Balance using Scale - I set up a balance using a scale and a box. I placed different objects on it and asked children if they were able to say which is heavier. I placed a big plastic bottle on one side and a small rubber ball on the other; children saw that the rubber ball was heavier. It reaffirmed to them that objects that are big in size are not necessarily heavier. Afterwards, children were allowed sometime to tinker with the set up and objects and explore on their own.

Day 2

The next day I used many more objects – Balls in different sizes, shapes and weight, bowls, cups, tumblers, plates, blocks, bottles, boxes, leaves, heavy motors, etc. and a weighing scale. The children were taken outside the classroom and made them hold, lift, feel the objects.

We discussed two ways of differentiating heavy and light objects.

1. Objects of the same size but differing in weight: plastic ball and cricket ball, water bottles with and without water, ring balls made of rubber and plastic, brick and wooden box
2. Weight is not based on the size: iron and plastic ball, wooden and thermocol cubes, plastic bat and cricket ball, bamboo stick and iron rod

Weigh using hands - I displayed all the items in front of the children. Students went one by one and picked up any two items of their choice. They lifted and told which of the two objects is heavy. As one student performs, the others listen. Each child was given time to think and respond.

After this, students went back, drew the items in their notebook and coloured the heavier object. This reinforced the concept in their minds.

Weigh using Scale - I took a big plastic ball and a marble and asked students to guess which would be heavier. Students in chorus replied that the ball is heavier. I gave both to each child to get experience the weight. Then children were saying that marble is heavier. The same materials were kept on the balance and verified. This reinforced that idea. Students picked different objects and compared them on the balance to conclude which of the two is heavier. Students came one by one and compared the weight of the items on the scale; I sat in the middle and helped the students.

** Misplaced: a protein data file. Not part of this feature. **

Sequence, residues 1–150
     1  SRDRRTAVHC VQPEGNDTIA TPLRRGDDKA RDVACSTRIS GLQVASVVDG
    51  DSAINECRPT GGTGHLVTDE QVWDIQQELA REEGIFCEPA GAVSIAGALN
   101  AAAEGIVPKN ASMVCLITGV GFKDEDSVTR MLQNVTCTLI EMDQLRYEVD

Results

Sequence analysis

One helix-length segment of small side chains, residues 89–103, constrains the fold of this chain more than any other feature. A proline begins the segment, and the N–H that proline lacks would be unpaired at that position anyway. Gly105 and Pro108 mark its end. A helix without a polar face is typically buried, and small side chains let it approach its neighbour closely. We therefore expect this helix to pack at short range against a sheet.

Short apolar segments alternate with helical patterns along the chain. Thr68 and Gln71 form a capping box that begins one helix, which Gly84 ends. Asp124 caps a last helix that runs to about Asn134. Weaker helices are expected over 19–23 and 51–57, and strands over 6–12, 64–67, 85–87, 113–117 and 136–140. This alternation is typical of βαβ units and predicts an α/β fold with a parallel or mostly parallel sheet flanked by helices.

Once all students were done comparing, they stood in a line and displayed which was heavier and which was lighter. They raised the lighter item and bought the heavier item down. I re-emphasised this so that students can imagine a balance while they are balancing. One of the student raised the heavier item and brought the lighter item down. It was probably because, she though heavy means more and must be placed on the top.  I made the student lift a small motor on one hand and the paper on the other. The child raised the paper easily but struggled to lift the motor. Here it was explained that since it is heavier, the motor is down. Hence heavier things are down and lighter things go up.

Day 3

I gave the worksheet, which has three objects for comparison. Except one boy who is mentally challenged, all others got the answers right. Children could not read the instruction but they were able to decode. Therefore, I underlined the words ‘heavier’ or ‘lighter’ and terms like ‘circle, colour and tick’. This helped children to complete their worksheets. I asked them to write the name of the objects against the pictures to get a better understanding of the object they have in mind – toy fridge, real car etc.  I was happy that children had finally understood the concept of heavy and light objects.